That was last season- I went out today and noticed a nice looking fruit beginning to grow. On it sat one of the bugs- he was smaller than the ones that had gorged themselves on the fruit. Had he picked this one out and was guarding it while he waited for it to ripen... I don't mind sharing- I just wish they would! Any help?

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  7. I can tell you exactly what they are. Leaf footed bugs. I had them on my poms last year. This year those devils sucked the life out of my tomatoes whilst I was gone and ruined 1/2 the crop. I caught one on the a pom the other day and squished the life out of it. I would do the same if I were you. I will add a picture to the post of what the nymphs look like so you will know in the future to watch out for them. The picture was taken last year.

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  8. Hello! Annie just sent me here, after seeing that I harvested my first two pomegranates yesterday evening. As for my first juice, I went for a pomegranate martini. It looks as if you have loads more fruit them me - I was optimistic about mine trees this year, and am hopeful that next year will yield more. Yum.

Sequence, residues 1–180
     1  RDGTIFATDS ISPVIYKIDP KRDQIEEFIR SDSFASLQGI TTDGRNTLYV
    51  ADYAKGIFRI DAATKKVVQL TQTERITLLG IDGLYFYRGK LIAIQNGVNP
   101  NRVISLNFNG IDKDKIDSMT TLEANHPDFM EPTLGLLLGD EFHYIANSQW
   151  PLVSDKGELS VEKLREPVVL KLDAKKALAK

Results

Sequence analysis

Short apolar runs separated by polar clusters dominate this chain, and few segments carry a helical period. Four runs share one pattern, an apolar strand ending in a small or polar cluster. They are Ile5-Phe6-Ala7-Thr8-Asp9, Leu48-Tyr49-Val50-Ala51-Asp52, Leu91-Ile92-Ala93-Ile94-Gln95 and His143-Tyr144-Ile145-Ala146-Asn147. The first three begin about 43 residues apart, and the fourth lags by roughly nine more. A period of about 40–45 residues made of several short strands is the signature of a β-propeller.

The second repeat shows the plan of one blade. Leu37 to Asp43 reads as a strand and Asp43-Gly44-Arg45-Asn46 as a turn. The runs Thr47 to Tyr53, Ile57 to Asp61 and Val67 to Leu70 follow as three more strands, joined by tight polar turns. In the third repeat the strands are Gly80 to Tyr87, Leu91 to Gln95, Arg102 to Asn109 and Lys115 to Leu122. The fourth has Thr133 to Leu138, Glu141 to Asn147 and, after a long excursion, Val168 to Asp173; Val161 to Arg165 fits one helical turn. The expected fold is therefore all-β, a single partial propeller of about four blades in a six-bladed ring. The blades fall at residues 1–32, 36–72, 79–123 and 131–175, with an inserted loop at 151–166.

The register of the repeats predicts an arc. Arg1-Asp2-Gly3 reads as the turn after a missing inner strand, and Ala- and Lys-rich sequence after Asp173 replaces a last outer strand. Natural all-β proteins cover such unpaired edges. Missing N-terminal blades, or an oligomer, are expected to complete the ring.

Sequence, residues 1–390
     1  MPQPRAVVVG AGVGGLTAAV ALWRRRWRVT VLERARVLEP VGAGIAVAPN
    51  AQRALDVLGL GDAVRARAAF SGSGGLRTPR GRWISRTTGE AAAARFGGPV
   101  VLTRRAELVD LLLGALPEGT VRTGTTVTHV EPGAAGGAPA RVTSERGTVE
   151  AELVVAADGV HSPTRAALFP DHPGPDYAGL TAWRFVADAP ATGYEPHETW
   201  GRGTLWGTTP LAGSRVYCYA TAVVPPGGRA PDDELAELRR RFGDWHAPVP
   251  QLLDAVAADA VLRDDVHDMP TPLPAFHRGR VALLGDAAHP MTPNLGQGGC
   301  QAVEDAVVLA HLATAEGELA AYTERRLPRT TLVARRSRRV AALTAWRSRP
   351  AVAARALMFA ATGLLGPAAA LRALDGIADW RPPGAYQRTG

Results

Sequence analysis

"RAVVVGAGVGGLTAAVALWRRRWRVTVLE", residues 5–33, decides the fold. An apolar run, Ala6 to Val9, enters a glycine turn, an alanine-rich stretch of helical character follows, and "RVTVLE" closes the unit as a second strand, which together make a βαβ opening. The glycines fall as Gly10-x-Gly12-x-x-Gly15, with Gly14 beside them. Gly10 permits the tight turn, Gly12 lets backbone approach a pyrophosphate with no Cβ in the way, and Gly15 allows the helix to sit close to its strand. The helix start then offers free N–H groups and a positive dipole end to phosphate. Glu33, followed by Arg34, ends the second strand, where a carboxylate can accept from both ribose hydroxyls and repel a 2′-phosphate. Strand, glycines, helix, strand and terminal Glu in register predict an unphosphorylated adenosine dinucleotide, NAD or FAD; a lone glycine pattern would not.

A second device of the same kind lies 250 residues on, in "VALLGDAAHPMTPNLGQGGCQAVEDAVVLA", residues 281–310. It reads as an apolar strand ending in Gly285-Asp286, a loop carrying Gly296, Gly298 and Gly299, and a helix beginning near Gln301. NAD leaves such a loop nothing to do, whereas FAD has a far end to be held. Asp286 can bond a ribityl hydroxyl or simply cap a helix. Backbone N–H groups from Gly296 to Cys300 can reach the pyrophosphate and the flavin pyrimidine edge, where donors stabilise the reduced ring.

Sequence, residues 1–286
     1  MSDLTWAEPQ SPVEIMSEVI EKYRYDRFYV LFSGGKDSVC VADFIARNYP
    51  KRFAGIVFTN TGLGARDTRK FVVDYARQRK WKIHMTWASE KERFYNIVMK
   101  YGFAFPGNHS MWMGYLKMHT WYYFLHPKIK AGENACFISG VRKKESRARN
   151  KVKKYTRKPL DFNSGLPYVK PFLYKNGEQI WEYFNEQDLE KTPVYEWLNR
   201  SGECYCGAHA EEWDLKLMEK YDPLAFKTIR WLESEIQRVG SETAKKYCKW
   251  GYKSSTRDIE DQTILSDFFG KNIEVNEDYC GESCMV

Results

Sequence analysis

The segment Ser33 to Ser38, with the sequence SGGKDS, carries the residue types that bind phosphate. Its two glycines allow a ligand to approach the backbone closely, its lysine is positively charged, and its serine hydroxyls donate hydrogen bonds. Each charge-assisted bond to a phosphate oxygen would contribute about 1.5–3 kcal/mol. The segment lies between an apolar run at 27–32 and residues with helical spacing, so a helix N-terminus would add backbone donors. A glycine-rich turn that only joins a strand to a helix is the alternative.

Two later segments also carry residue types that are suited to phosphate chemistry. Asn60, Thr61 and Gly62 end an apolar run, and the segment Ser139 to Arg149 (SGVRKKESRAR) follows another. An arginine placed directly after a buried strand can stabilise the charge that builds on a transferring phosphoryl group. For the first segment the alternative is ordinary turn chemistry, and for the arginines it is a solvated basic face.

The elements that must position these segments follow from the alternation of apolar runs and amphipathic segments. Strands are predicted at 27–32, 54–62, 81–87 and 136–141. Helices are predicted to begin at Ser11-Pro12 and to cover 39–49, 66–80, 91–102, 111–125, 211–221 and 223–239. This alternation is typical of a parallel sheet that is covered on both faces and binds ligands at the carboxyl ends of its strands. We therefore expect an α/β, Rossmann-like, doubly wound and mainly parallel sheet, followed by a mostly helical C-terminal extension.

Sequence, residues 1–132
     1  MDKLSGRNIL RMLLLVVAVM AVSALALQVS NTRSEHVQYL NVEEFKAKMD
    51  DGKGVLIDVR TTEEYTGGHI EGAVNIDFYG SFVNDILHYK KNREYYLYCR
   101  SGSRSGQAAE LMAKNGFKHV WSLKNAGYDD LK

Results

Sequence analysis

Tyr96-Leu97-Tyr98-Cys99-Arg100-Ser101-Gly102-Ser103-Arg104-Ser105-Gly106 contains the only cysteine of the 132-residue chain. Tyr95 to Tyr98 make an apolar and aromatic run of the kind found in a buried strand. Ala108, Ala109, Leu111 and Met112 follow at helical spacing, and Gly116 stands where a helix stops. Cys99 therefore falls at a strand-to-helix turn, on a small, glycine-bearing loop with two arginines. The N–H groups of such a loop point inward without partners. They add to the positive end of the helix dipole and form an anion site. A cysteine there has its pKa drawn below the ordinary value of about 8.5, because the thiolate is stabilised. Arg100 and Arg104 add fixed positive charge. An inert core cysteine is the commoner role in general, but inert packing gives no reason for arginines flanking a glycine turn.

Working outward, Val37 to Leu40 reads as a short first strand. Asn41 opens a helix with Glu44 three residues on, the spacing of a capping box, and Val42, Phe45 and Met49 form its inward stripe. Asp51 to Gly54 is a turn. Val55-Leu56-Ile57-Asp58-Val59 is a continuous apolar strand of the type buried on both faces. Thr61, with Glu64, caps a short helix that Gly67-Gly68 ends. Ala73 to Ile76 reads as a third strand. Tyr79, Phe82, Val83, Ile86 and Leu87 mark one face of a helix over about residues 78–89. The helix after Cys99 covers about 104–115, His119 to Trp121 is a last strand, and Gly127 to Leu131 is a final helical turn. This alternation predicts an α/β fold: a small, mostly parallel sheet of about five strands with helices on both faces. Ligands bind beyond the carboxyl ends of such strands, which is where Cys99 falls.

http://talesfromthelaboratory.typepad.com/tales_from_the_microbial_/2008/09/an-evenings-har.html

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  9. Beautiful photos! I transplanted my mini-pom last year and it didn't fruit this year...Pom-Marg's sound yummmy:)

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  10. When I can find them here in Indiana, I pay about $2 a piece for pomegranates. I don't think, hope, it isn't $3 this winter! And my favorite candy is dark chocolate covered pomegranates, a candy that shows up at Sam's Club with their Christmas goodies. Love 'em!

    Carol, May Dreams Gardens

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  11. As I'm a dark chocolate fan those Christmas treats sound wonderful. Are the seeds dried or fresh? I just ate a whole dark toblerone bar in less than 24hrs. I really shouldn't buy them because I have no will power once I get going.